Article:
Young unidentifiable teenage boy holding hes head at the correctional institute in black and white, conceptual image of juvenile delinquency, focus on the wired fence. Young unidentifiable teenage boy holding hes head at the correctional institute in black and white, conceptual image of juvenile delinquency, focus on the wired fence.

People with disability suffer cruelty and maltreatment in detention: report

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Ben Knight
Ben Knight,

The extent of neglect and abuse suffered by people with disabilities in prison and custody systems in Australia has been revealed.

People with disability are subjected to cruel, inhuman and degrading treatment in incarceration. Those are the findings of a new report led by researchers from UNSW Sydney, which unveils the systemic and ongoing maltreatment and harm that occurs when people with disability are detained in Australia.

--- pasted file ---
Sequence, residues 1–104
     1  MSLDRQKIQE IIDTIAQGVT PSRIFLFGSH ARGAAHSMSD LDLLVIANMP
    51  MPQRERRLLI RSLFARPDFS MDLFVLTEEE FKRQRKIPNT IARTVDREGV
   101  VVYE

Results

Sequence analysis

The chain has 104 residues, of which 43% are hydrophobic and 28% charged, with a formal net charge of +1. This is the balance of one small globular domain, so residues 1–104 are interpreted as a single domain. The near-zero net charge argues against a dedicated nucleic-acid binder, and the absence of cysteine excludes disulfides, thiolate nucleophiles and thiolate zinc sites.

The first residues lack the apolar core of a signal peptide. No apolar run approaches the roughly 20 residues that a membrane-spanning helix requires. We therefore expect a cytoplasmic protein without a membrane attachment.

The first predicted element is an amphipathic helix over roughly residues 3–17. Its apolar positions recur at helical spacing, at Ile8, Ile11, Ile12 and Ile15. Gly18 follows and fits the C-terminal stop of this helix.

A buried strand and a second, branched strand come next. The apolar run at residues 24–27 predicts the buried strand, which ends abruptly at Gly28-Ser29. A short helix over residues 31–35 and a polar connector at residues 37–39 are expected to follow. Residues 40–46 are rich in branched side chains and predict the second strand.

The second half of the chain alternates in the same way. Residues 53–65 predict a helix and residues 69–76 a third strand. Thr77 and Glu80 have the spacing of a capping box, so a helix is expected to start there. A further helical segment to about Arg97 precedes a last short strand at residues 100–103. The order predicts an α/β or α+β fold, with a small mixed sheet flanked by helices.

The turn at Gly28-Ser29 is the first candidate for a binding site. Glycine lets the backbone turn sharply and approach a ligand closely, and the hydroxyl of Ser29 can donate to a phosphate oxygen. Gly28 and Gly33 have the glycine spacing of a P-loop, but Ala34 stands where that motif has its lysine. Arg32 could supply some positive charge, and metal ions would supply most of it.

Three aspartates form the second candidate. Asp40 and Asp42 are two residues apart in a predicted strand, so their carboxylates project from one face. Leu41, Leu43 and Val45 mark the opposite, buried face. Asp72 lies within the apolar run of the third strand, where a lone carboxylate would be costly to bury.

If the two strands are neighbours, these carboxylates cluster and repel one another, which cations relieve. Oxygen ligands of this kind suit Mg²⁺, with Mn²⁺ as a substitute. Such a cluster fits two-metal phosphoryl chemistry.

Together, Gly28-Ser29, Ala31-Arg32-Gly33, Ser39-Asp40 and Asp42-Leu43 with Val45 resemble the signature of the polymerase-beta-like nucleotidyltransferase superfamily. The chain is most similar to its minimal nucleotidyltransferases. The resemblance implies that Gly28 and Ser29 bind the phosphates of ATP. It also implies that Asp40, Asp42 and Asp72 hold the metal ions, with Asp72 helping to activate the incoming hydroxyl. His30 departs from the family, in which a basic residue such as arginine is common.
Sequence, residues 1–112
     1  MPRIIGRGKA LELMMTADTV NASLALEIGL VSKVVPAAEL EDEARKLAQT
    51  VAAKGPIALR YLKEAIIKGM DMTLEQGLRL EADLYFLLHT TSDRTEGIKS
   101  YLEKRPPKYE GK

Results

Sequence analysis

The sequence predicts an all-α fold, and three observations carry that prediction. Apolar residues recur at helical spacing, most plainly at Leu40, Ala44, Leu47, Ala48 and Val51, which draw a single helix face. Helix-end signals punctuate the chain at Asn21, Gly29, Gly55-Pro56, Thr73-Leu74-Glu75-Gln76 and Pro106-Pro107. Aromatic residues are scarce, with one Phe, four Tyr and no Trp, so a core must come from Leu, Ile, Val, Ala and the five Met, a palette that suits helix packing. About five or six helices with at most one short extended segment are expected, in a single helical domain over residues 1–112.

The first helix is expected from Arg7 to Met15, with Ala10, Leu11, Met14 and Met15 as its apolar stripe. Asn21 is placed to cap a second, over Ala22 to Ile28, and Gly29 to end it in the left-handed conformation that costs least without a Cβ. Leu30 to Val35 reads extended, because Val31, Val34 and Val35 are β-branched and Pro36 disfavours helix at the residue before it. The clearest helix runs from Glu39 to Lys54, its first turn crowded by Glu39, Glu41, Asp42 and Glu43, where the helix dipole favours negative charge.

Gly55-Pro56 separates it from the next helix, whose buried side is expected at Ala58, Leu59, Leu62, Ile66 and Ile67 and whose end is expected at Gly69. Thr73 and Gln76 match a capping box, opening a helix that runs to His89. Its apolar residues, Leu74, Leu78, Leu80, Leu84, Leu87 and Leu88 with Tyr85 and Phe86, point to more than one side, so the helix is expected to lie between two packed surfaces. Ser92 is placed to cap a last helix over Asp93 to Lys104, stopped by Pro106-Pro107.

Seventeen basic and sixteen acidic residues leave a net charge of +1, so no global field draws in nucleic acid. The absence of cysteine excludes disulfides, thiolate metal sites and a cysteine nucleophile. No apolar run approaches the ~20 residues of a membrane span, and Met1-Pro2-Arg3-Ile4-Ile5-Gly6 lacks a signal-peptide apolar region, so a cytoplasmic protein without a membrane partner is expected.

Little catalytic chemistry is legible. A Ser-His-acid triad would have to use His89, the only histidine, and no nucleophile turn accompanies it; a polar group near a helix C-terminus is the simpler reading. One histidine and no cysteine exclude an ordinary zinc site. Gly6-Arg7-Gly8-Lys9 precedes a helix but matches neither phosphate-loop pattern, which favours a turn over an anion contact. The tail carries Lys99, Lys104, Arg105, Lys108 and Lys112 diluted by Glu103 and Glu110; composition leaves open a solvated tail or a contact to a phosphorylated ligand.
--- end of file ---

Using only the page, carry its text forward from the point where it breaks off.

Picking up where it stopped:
Vulnerable people are held in solitary confinement, are detained indefinitely, have their medications withheld, suffer physical and sexual assault, and are regularly humiliated, the report finds. It also uncovered the demeaning and dehumanising practices that people with disability regularly experience in places of detention, including being strip searched and having to beg for sanitary products.

“I’m aware of disabled children put into solitary confinement and people with intellectual disability strapped into restraint chairs and injected with tranquillisers,” says Mr Patrick McGee, Churchill Fellow and Coordinator Australians for Disability and Justice, who is the first author of the report. “They are scared, they are fearful, there is no one to tell them what is happening or when it might end.”